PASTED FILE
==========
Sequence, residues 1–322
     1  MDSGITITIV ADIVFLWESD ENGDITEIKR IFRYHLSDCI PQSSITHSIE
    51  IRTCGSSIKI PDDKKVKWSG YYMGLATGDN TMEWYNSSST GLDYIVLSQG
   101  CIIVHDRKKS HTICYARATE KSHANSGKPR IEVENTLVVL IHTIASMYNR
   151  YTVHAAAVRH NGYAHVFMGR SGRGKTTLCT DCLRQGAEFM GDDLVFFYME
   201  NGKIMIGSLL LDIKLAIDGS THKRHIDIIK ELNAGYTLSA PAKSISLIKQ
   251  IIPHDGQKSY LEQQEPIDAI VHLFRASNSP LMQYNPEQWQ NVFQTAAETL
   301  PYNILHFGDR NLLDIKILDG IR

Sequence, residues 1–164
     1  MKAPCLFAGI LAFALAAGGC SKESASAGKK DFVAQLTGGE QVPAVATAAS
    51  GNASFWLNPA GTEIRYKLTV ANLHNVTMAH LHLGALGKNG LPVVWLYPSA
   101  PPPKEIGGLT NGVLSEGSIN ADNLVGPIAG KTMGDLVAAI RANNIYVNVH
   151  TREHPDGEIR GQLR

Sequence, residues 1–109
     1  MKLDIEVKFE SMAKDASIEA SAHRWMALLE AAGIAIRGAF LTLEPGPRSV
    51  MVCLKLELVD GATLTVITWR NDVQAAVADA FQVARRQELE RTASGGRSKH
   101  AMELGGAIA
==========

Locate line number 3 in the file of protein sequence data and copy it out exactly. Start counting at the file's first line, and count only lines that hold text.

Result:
    51  IRTCGSSIKI PDDKKVKWSG YYMGLATGDN TMEWYNSSST GLDYIVLSQG